Details on those and many other events can be found after the jump.
Bike to Work week also begins next Monday and runs through May 21. According to the Iowa Bicycle Coalition,
In 2009, 716 employers, 114 cities, and 2,395 commuters (22% first-timers) participated. Approximately 63,188 commuting miles were pledged, 3,510 gallons of gas saved, and $7,336.83 saved in fuel costs. Contact Mark Wyatt at (515) 309-2867 or email@example.com.
Here's hoping the bicycle commuters will get warm, dry weather next week.
I haven't posted any job listings here in a while, but I recently learned of a few opportunities in the environmental area. Those are posted below. If you know of political or progressive advocacy jobs available, feel free to send details to me (desmoinesdem AT yahoo.com), and I will try to spread the word.
The big political event this week is the March 19 deadline for Iowa candidates to file nominating papers for statewide and federal offices. John Deeth has been covering the filings so far at his blog. Follow me after the jump for details on other things going on around the state, and post a comment or send me an e-mail if you know of something I've left out.
I didn't have time to pull this together yesterday, but here's a late weekend open thread. Share whatever's on your mind.
(UPDATE: If you think you know American history, see how well you do on Charles Lemos' Presidents' Day trivia quiz. Each president is the correct answer to only one question.)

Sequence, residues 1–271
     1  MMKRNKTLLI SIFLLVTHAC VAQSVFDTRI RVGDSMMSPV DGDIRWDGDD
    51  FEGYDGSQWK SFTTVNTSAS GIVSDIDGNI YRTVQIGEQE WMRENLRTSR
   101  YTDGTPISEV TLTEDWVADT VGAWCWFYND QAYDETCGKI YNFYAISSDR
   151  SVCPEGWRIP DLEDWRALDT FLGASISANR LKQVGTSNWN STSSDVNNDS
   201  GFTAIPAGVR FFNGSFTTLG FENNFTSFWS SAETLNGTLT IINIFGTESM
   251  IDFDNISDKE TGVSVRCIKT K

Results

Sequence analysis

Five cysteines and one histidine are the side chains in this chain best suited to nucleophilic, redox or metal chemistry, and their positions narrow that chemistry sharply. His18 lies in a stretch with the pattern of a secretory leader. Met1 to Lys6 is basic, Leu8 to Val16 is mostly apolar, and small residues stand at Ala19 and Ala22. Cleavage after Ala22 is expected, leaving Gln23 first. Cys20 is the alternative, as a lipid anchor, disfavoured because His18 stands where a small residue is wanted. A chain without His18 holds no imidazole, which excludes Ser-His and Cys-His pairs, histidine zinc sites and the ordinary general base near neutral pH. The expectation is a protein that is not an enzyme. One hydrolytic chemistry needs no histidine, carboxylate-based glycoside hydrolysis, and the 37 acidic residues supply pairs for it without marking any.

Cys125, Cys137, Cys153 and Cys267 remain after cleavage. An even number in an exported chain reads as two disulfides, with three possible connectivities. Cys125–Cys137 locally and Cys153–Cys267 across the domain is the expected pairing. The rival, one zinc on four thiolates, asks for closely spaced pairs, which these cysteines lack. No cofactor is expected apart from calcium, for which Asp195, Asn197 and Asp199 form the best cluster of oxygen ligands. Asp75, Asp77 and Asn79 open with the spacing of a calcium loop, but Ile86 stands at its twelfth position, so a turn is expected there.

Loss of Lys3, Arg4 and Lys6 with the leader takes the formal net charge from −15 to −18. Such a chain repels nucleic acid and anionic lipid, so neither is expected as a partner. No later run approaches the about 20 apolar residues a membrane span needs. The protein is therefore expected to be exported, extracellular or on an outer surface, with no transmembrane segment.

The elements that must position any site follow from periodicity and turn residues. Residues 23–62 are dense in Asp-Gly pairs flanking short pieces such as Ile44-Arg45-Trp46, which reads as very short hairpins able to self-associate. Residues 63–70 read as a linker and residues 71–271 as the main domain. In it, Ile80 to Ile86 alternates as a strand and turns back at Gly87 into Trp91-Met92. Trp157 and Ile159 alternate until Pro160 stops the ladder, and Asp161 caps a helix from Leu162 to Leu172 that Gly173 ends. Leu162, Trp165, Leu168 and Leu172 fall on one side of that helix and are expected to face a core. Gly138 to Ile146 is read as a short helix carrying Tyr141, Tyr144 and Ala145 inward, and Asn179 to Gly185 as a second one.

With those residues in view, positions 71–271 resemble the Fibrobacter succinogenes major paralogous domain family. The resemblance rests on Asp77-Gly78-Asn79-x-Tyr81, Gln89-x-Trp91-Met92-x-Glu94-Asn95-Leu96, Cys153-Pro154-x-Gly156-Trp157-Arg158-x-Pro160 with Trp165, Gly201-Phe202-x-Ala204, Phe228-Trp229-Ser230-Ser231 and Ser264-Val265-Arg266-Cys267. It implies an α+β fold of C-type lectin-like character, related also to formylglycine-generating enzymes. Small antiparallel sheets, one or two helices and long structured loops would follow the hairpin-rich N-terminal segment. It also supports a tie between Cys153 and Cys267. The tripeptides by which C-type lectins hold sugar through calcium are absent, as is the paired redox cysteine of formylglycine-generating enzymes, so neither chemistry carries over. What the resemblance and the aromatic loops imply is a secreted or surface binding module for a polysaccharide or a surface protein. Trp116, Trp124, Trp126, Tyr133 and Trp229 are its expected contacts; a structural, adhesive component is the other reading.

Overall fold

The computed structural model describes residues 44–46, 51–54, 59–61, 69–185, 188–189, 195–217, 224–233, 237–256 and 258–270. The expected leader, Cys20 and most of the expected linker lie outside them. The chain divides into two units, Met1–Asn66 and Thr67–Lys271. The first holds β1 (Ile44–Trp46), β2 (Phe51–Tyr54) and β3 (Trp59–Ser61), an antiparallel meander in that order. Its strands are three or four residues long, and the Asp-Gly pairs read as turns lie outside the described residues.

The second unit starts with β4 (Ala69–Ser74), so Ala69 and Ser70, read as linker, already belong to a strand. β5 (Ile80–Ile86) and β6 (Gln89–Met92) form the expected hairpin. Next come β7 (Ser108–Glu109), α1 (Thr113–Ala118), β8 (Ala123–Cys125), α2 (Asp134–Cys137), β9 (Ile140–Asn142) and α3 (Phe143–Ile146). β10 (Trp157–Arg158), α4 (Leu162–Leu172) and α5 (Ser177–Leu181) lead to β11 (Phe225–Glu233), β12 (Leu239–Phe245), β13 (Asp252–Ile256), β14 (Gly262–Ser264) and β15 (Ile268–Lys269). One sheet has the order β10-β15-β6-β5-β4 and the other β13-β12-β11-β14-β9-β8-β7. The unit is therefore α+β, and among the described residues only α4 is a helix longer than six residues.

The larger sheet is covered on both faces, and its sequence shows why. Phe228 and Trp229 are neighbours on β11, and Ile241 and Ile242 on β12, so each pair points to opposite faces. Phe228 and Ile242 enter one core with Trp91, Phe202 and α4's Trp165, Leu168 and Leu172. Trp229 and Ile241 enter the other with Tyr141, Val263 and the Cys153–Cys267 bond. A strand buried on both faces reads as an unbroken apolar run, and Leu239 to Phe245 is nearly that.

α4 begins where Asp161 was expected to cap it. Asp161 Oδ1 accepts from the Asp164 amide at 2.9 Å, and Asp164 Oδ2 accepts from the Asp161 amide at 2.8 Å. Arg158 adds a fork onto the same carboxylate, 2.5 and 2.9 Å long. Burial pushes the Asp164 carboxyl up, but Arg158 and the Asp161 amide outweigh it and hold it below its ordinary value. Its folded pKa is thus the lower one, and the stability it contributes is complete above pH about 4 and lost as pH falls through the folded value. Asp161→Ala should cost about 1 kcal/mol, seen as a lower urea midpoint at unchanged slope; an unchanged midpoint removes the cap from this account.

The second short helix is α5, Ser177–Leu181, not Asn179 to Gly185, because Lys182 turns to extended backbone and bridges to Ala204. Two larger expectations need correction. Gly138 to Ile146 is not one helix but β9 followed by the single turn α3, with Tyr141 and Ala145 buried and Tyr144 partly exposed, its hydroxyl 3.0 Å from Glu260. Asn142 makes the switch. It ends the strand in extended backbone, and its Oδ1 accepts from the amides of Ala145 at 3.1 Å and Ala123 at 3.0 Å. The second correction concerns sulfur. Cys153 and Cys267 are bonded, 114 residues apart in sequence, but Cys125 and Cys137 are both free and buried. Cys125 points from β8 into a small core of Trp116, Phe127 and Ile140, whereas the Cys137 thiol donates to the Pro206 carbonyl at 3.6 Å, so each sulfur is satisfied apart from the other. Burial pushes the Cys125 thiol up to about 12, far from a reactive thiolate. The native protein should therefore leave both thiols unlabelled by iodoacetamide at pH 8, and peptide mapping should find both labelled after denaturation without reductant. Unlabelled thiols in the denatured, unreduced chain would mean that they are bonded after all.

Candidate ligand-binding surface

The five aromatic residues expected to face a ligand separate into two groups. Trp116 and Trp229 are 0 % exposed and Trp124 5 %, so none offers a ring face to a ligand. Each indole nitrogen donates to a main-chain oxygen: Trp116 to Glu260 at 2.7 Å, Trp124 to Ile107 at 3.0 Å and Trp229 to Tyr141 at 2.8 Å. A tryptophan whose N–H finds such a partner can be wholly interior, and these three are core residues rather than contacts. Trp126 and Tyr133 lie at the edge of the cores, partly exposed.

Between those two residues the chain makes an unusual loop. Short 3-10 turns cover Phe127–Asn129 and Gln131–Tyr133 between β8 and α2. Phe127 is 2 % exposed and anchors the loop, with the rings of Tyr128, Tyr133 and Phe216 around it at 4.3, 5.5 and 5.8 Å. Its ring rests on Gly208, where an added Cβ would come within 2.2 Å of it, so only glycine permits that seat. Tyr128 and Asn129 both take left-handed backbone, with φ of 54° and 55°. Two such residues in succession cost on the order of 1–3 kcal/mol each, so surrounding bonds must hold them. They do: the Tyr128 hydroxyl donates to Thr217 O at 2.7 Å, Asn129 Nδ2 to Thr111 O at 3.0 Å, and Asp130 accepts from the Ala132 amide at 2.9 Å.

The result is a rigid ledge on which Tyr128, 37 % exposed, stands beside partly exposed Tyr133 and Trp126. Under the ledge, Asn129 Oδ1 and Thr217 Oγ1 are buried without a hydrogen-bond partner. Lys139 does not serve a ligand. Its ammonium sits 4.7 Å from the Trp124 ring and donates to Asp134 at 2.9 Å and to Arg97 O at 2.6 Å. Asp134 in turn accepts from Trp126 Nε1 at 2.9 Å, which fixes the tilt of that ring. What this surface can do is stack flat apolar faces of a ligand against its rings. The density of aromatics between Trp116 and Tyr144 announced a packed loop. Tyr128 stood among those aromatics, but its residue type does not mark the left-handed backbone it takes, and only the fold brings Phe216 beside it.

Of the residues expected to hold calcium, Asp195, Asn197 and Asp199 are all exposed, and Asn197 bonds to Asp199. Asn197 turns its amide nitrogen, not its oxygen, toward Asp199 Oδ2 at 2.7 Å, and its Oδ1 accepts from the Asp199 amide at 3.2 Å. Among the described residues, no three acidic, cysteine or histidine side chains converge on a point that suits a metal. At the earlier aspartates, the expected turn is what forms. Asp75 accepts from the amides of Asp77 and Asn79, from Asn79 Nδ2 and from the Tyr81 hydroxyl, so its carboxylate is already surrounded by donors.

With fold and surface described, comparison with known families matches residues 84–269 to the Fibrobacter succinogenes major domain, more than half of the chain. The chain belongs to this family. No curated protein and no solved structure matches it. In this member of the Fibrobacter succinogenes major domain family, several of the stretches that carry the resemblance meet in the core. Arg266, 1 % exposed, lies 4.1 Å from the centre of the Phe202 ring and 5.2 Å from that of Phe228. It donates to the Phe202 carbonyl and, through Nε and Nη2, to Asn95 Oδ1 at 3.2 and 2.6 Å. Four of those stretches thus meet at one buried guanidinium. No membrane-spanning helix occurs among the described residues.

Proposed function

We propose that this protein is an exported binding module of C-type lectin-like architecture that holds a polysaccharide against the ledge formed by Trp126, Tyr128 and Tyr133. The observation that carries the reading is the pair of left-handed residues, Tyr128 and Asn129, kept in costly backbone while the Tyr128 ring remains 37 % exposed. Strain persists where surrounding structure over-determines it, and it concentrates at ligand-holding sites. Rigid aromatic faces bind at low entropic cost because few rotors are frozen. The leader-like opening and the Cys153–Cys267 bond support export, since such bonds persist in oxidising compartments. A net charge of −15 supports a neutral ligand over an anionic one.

After the jump I've posted details on many events coming up this week. I hope to attend the screening of the "Big River" documentary in Des Moines on February 18. It's a sequel to the must-watch "King Corn," and the screening is a joint benefit for the Iowa Environmental Council and Practical Farmers of Iowa.
If you are a Democratic candidate in Iowa, please e-mail me your list of upcoming events so I can include them in these threads. (desmoinesdem AT yahoo.com)
Oxfam America "is seeking Des Moines area volunteers to lend 5-8 hours of time per week to help them raise awareness of the impacts of climate change on global communities and encourage action to alleviate it." If you're interested, you need to contact them by February 15 (information below).
The coming week will be busy at the state capitol, because February 12 is the first "funnel" date. All bills excluding appropriations bills that have not been approved by at least one committee by February 12 will be dead for the 2010 session, unless something extraordinary happens.
Also, Iowa House Republicans are expected to try to suspend the rules this week to force consideration of a constitutional amendment to ban same-sex marriage. If last April's events are any guide, they can expect help from two Iowa House Democrats: Geri Huser and Dolores Mertz. Meanwhile, Mertz is working with a group of Republicans on a constitutional amendment that would "recognize human eggs as persons worthy of legal protection." Such an amendment would outlaw abortion and probably some forms of birth control as well.